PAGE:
matter on the supposition that no Confederacy at present exists, it cannot be denied that all the States stand on the footing of equal sovereignty. All, therefore, must concur before any can be bound. If a proportional representation be right, why do we not vote so here? If we argue on the fact that a Federal compact actually exists, and consult the articles of it, we still find an equal sovereignty to be the basis of it. He reads the fifth article of Confederation, giving each State a vote; and the thirteenth, declaring that no alteration shall be made without unanimous consent. This is the nature of all treaties. What is unanimously done, must he unanimously undone. It was observed (by Wilson) that the larger States gave up the point, not because it was right, but because the circumstances of the moment urged the concession. Be it so. Are they for that reason at liberty to take it back? Can the donor resume his gift without the consent of the donee? This doctine may be convenient, but it is a doctrine that will sacrifice the lesser States. The larger States acceeded readily to the Confederacy. It was the small ones that came in reluctantly and slowly. New Jersey and Maryland were the two last, the former objecting to the want of power in Congress over trade; both of them to laws in all cases to which the separate States are incompetent, etc.; in place of this, Congress is to have additional power in a few cases only. (7) A negative on the laws of the State; in place of this coercion to be substituted. (8) The Executive to be removable on impeachment and conviction, in one plan; in the other, to be removable at the instance of a majority of the executives of the States. (9) Revision of the laws provided for, in one;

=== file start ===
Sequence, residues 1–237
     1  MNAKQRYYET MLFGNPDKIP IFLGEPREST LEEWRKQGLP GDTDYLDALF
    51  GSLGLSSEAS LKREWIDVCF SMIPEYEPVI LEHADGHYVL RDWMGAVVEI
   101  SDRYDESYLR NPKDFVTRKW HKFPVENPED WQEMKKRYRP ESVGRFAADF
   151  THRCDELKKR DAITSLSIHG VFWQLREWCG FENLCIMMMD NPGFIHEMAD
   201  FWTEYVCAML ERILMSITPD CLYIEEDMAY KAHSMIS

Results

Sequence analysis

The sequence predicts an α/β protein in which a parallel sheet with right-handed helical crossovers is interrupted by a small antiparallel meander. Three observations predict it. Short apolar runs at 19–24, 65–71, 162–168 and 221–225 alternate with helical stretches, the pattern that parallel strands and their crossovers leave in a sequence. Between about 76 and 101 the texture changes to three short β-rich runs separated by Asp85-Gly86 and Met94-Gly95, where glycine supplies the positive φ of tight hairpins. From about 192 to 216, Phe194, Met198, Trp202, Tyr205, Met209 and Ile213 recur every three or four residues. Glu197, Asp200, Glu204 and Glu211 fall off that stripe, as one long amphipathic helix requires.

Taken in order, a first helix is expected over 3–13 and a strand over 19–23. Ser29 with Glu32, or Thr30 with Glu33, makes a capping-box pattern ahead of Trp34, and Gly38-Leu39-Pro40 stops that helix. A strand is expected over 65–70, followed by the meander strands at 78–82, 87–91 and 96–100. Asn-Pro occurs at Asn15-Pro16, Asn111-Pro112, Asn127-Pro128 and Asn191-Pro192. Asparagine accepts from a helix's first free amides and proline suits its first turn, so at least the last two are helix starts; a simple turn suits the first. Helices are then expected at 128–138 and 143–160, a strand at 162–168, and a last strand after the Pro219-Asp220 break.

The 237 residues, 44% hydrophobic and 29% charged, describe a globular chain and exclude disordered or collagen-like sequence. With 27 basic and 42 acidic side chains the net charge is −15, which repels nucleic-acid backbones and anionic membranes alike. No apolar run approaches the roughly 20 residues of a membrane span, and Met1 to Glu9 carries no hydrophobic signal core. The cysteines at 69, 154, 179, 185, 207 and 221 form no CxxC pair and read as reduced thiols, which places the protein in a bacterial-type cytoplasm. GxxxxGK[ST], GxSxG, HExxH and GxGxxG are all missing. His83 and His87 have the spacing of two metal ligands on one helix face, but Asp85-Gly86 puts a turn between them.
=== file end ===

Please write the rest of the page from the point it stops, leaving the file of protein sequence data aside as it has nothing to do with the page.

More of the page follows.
After a general debate upon the respective merits of the two plans, from June 15th to June 19th, the test vote between the Virginia and New Jersey plans as a whole came up on the latter
the want of power to appropriate the vacant territory to the benefit of the whole. If the sovereignty of the States is to be maintained, the representation must be drawn immediately from the States, not from the people; and we have no power to vary the idea of equal sovereignty. The only expedient that will cure the difficulty is that of throwing the States into hotchpot. To say that this is impracticable will not make it so. Let it be tried and shall whether the citizens of Massachusetts, Pennsylvania, and Virginia acceded to it.
Mr. Wilson entered into a contrast of the principal points of the two plans, so far, he said, as there had been time to examine the last proposed. These points were: (1) In the Virginia plan there are two, and in some degree three, branches in the Leg. islature; in the plan from New Jersey there is to be a single Leg. islature only. (2) Representation of the people at large is the basis of one; the State Legislatures the pillars of the other. (3) Proportional representation prevails in one, equality of suffrage in the other. (4) A single executive magistrate is at the head of the one, a plurality is held out in the the other. (5) In the one a majority of the people of the United States must prevail, in the other a minority may prevail. (6) The National Legislature is to make
no such check in the other. (10) Inferior national tribunals, in one; none such in the other. (11) In the one jurisdiction of national tribunals to extend, etc., and appellate jurisdiction only allowed in the other. (12) Here the jurisdiction is to extend to all cases affecting the national
peace and harmony; there a few cases only are marked out. (13) Finally, the ratification is in this to be by the people themselves; in that, by the legislative authorities, according to the Thirteenth Article of the Confederation. With regard to the power of the Convention, he conceived himself authorized to conclude nothing, but to be at liberty to propose anything.
In this particular he felt himself perfectly indifferent to the two plans.
With regard to the sentiments of the people, he conceived it difficult to know precisely what they are. Those of the particular circle in which one moved were com